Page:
Cedar Key Scrub

Florida scrub-jay photos on Flickr: http://flic.kr/s/aHsjCEk5SX.

Scrub-Jay Festival honors bird that lives only in Florida

Only one bird species, the Florida scrub-jay, makes its home exclusively in the Sunshine State. This songbird, with its bright blue headdress, wings and tail and bold, curious behavior depends on scrub habitat for survival.

Children and adults can learn more about Florida scrub-jays and explore first-hand the ecosystem where they live on Feb. 8 at the 5th annual Florida Scrub-Jay Festival in Volusia County.

The free festival includes guided hikes and eco-buggy tours, a Scrub-Jay Q&A with experts, a keynote presentation, prescribed fire demonstrations, kids’ activities, exhibits and entertainment. It takes place at the Lyonia Environmental Center, 2150 Eustace Ave., Deltona, from 10 a.m. to 4 p.m. and is co-sponsored by the Florida Fish and Wildlife Conservation Commission (FWC), Volusia County, Florida Scrub-Jay Consortium, Florida Park Service and Around the Bend Nature Tours. An “early-bird” hike starts at 9 a.m. Those wishing to take the eco-buggy tours must register in advance at the environmental center or by calling 386-789-7207, extension 21028.

This native Florida songbird is all about family support:

“The Florida scrub-jay lives in family groups, composed of a breeding pair that mates for life and its offspring,” said Craig Faulhaber, FWC’s Florida scrub-jay conservation coordinator. “Young scrub-jays often stay with their parents for one or more years and act as helpers to defend the family’s territory and raise young. Breeding pairs with helpers successfully raise more young than lone pairs.

“Because Florida scrub-jays are very territorial and don’t migrate, people may get the chance to watch events in the life of a scrub-jay family throughout the year. Family members work together to defend territories averaging 25 acres from other scrub-jay families, with at least one member always on the lookout for predators,” Faulhaber noted.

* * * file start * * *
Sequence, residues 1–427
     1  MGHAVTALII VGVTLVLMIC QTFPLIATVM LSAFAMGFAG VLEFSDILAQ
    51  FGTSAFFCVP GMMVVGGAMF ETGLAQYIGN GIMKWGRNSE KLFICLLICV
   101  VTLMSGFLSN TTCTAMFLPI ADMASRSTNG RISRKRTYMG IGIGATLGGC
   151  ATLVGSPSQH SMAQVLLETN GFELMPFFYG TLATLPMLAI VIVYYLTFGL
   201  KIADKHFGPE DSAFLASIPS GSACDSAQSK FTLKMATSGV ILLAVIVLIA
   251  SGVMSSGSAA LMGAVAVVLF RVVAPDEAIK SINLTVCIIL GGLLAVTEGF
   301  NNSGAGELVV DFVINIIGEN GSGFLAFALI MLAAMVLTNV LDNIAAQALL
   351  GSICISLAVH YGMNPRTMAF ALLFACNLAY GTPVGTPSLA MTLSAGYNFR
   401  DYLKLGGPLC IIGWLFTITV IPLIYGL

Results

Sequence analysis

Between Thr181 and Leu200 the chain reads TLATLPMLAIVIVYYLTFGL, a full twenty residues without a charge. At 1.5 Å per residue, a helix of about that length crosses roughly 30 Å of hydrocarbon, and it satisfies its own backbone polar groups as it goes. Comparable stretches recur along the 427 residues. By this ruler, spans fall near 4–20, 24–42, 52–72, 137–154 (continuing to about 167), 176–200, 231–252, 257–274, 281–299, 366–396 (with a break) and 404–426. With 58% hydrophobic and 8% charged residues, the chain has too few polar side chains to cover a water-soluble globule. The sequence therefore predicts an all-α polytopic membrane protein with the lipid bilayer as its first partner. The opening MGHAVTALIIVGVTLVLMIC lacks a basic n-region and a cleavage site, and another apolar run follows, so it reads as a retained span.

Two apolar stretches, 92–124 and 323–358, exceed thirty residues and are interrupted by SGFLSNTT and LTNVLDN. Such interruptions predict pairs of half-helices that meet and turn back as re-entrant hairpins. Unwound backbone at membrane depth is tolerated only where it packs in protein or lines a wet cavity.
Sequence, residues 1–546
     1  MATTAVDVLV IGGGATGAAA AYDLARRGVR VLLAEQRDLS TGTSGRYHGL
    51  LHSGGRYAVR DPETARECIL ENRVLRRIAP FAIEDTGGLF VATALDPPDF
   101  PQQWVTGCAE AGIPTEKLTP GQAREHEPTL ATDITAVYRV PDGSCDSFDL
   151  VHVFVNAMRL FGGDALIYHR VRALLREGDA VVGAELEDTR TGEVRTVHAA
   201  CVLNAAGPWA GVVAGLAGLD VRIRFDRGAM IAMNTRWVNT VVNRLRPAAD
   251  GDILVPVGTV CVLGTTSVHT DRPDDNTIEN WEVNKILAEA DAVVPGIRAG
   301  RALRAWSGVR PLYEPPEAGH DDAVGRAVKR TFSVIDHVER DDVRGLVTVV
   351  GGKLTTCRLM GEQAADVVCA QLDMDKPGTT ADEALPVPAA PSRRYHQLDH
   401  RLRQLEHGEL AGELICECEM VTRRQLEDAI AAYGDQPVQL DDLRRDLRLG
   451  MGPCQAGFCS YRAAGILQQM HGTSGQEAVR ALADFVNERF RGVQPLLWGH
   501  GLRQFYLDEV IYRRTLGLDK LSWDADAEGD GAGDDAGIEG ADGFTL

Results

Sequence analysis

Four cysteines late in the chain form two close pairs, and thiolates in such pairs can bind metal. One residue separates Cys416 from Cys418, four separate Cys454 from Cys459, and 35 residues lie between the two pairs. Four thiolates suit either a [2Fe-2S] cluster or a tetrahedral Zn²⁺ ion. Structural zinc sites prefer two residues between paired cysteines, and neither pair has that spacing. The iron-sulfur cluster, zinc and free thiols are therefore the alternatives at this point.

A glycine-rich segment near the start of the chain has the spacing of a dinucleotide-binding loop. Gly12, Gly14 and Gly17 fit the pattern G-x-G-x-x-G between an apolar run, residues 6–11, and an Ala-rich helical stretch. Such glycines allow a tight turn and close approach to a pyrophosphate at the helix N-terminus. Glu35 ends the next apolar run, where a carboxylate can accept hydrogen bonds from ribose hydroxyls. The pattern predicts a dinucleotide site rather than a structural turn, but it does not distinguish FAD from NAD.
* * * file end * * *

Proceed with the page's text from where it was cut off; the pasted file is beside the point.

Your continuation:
The Florida scrub-jay is listed as a federally threatened species. Scrub-jay populations are thought to have declined by as much as 90 percent since the late 1800s due to habitat loss. More recently, scrub-jays have continued to decline even on protected lands due to inadequate habitat management. Historically, periodic wildfires maintained the shrubby, open habitat that scrub-jays need to survive. Now scrub-jays and other plants and animals rely on agencies like the FWC and its partners to use prescribed fire and other methods to maintain the shrubby habitat they need.

People can help Florida scrub-jays by:
•Supporting habitat management on wildlife areas with scrub habitat.
•Keeping cats indoors near scrub-jay habitat.
•Reducing use of pesticides around homes and golf courses, since scrub-jays feed on insects.
•Reporting harassment or harm to scrub-jays or their nests to FWC’s Wildlife Alert Hotline, 888-404-FWCC (3922).

For more on Florida scrub-jays, including more information about the Florida Scrub-Jay Festival, go to MyFWC.com/Wildlife, click on Species Profiles and then Songbirds. Hear the sound of a Florida scrub-jay at AllAboutBirds.org (search for Florida scrub-jay).

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